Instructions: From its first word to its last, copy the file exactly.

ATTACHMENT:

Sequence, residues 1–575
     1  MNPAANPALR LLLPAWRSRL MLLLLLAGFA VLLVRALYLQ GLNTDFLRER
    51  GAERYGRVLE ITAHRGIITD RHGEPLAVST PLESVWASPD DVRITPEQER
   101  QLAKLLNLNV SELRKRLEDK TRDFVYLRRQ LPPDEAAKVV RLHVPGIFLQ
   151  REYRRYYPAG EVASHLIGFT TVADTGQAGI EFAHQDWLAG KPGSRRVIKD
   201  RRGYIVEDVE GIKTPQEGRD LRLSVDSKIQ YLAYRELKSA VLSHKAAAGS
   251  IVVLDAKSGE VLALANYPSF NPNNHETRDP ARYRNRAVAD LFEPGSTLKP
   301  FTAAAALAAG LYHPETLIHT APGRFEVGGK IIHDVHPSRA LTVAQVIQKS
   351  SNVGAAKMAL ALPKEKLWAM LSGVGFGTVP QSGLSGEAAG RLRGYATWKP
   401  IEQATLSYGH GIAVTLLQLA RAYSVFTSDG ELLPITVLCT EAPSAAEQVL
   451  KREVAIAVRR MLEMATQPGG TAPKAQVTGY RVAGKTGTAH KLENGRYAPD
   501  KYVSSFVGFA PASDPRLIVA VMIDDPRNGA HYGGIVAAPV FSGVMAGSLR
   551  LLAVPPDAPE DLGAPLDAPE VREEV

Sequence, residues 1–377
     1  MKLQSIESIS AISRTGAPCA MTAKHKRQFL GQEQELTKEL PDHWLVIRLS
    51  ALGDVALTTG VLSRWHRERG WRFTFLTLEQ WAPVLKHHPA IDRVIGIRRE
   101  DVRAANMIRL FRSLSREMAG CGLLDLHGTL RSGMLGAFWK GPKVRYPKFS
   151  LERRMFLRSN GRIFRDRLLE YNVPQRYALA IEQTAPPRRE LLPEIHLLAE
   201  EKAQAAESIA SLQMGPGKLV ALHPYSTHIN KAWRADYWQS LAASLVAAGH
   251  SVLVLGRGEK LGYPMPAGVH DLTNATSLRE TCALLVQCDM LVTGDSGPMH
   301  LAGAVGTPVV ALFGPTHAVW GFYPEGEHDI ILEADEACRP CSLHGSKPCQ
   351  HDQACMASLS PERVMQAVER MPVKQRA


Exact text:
Sequence, residues 1–575
     1  MNPAANPALR LLLPAWRSRL MLLLLLAGFA VLLVRALYLQ GLNTDFLRER
    51  GAERYGRVLE ITAHRGIITD RHGEPLAVST PLESVWASPD DVRITPEQER
   101  QLAKLLNLNV SELRKRLEDK TRDFVYLRRQ LPPDEAAKVV RLHVPGIFLQ
   151  REYRRYYPAG EVASHLIGFT TVADTGQAGI EFAHQDWLAG KPGSRRVIKD
   201  RRGYIVEDVE GIKTPQEGRD LRLSVDSKIQ YLAYRELKSA VLSHKAAAGS
   251  IVVLDAKSGE VLALANYPSF NPNNHETRDP ARYRNRAVAD LFEPGSTLKP
   301  FTAAAALAAG LYHPETLIHT APGRFEVGGK IIHDVHPSRA LTVAQVIQKS
   351  SNVGAAKMAL ALPKEKLWAM LSGVGFGTVP QSGLSGEAAG RLRGYATWKP
   401  IEQATLSYGH GIAVTLLQLA RAYSVFTSDG ELLPITVLCT EAPSAAEQVL
   451  KREVAIAVRR MLEMATQPGG TAPKAQVTGY RVAGKTGTAH KLENGRYAPD
   501  KYVSSFVGFA PASDPRLIVA VMIDDPRNGA HYGGIVAAPV FSGVMAGSLR
   551  LLAVPPDAPE DLGAPLDAPE VREEV

Sequence, residues 1–377
     1  MKLQSIESIS AISRTGAPCA MTAKHKRQFL GQEQELTKEL PDHWLVIRLS
    51  ALGDVALTTG VLSRWHRERG WRFTFLTLEQ WAPVLKHHPA IDRVIGIRRE
   101  DVRAANMIRL FRSLSREMAG CGLLDLHGTL RSGMLGAFWK GPKVRYPKFS
   151  LERRMFLRSN GRIFRDRLLE YNVPQRYALA IEQTAPPRRE LLPEIHLLAE
   201  EKAQAAESIA SLQMGPGKLV ALHPYSTHIN KAWRADYWQS LAASLVAAGH
   251  SVLVLGRGEK LGYPMPAGVH DLTNATSLRE TCALLVQCDM LVTGDSGPMH
   301  LAGAVGTPVV ALFGPTHAVW GFYPEGEHDI ILEADEACRP CSLHGSKPCQ
   351  HDQACMASLS PERVMQAVER MPVKQRA